'A great day,' says ex-Israeli envoy to the UN

In blow to Palestinians, US places Jerusalem consulate under embassy

Pompeo insists move doesn’t signal a change in administration’s position on city’s status; Ramallah accuses White House of adopting ‘Israeli narrative’

The US consulate on Agron Street in Jerusalem. (CC BY-SA, Magister/Wikimedia)
The US consulate on Agron Street in Jerusalem. (CC BY-SA, Magister/Wikimedia)

The State Department announced Thursday that it would bring its main diplomatic mission to the Palestinians under the auspices of the US Embassy to Israel in Jerusalem, marking an implicit downgrading of the facility’s status and a fresh blow to its already strained ties with the Palestinians.

Secretary of State Mike Pompeo said the move was meant to “achieve significant efficiencies and increase our effectiveness” following the opening of the embassy in May. He insisted the merger of the two missions did not signal a change in US policy on the status of Jerusalem, the West Bank, or Gaza Strip.

“The United States continues to take no position on final status issues, including boundaries or borders,” Pompeo said in a statement. “The specific boundaries of Israeli sovereignty in Jerusalem are subject to final status negotiations between the parties.”

He added that US President Donald Trump was commitment to a “lasting and comprehensive peace” between Israel and the Palestinians. “We look forward to continued partnership and dialogue with the Palestinian people and, we hope in the future, with the Palestinian leadership,” he said.

Pompeo said US Ambassador to Israel David Friedman would be in charge of the tie-up and that the new Palestinian Affairs Unit inside the embassy would remain, as before, at the consulate general building on Agron Street in the western part of Jerusalem.

“We will continue to conduct a full range of reporting, outreach, and programming in the West Bank and Gaza as well as with Palestinians in Jerusalem,” he said.

US Secretary of State Mike Pompeo speaks to the press at the White House on October 18, 2018. (Saul Loeb/AFP)

The announcement was met with immediate anger from the Palestinians, who accused the White House of working to bring the entire West Bank under Israeli sovereignty.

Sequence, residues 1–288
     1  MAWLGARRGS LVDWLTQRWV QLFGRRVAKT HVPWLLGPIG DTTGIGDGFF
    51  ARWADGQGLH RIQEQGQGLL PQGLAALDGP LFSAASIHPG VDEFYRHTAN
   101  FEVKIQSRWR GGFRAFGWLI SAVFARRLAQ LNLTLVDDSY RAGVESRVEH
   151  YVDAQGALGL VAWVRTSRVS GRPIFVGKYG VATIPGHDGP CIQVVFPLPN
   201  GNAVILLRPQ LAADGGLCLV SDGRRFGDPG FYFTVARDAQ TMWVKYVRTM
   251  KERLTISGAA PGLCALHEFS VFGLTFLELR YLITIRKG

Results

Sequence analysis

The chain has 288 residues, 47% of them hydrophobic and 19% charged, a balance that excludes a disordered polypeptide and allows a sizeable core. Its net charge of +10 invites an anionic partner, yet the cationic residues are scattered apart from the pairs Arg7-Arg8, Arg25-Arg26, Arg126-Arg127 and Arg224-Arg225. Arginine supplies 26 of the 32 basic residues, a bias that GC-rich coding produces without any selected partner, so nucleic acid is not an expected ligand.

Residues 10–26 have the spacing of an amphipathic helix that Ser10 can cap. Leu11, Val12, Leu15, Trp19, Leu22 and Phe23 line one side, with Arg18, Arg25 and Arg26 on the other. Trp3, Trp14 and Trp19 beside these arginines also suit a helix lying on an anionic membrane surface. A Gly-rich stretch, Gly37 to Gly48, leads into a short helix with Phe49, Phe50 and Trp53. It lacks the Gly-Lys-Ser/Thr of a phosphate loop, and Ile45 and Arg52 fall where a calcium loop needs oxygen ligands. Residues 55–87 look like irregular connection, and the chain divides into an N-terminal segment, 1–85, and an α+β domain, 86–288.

“The Trump Administration is making clear that it is working together with the Israeli Government to impose Greater Israel rather than the two-state solution on the 1967 border,” top peace negotiator Saeb Erekat said in a statement.

“The US administration has fully endorsed the Israeli narrative, including on Jerusalem, Refugees and Settlements.”

The internationally recognized Palestinian Authority has boycotted the Trump administration since it recognized Jerusalem as Israel’s capital in December and announced it would move its embassy to the city. The Palestinians claim East Jerusalem, which Israel captured from Jordan in the 1967 Six Day War, as the capital of their future state.

Erekat also accused the Trump administration of abandoning long-held tenets of US foreign policy and “reward[ing] Israeli violations and crimes.” He said the Palestinians “will not be silenced” and vowed to take unspecified “necessary steps” in response.

“The Trump Administration is part of the problem, not part of the solution,” he said, reiterating the Palestinian objection to the US role as the main broker of peace talks.

Nabil Shaath, the international affairs adviser to Palestinian Authority President Mahmoud Abbas, said it was a “very bad decision” that violated past agreements and continued President Donald Trump’s decision to recognize Jerusalem as Israel’s capital.

“Now, he is cutting the last connection he is said to have with the Palestinian people. He is practically saying Jerusalem is for Israel,” Shaath said. “This decision has nothing to do with peace. It complicates peace and makes it impossible.”

In Israel, Deputy Minister Michael Oren (Kulanu) celebrated the move as a “great day” for Jerusalem, Israel, and the United States.

“Pompeo’s announcement closing the U.S. consulate in Jerusalem and transferring its responsibilities to the embassy ends the last vestige of American support for the city’s division. Israel is deeply grateful,” Oren, a former ambassador to the US, wrote on Twitter.

View of the US embassy in Jerusalem’s Arnona neighborhood, May 13, 2018. (Yonatan Sindel/Flash90)

With Trump’s announcement, the US became the first country to recognize Jerusalem as Israel’s capital. The decision to move its embassy was followed by Guatemala and Paraguay, though the latter later announced it would return its diplomatic mission to Tel Aviv, sparking a diplomatic row with Israel.

Leaders from a number of other countries have also expressed potential interest in moving their countries’ embassies in Israel to Jerusalem, including close US ally Australia earlier this week.

Since the fallout over Trump’s Jerusalem recognition, the US made a number of other moves that have been denounced by the Palestinians, including ending its contributions to the UN’s agency for Palestinian refugees. It also announced the closure of the Palestinian Liberation Organization’s diplomatic mission in Washington over what it said was the Palestinians’ refusal to engage in peace talks with Israel.

Agencies contributed to this report.

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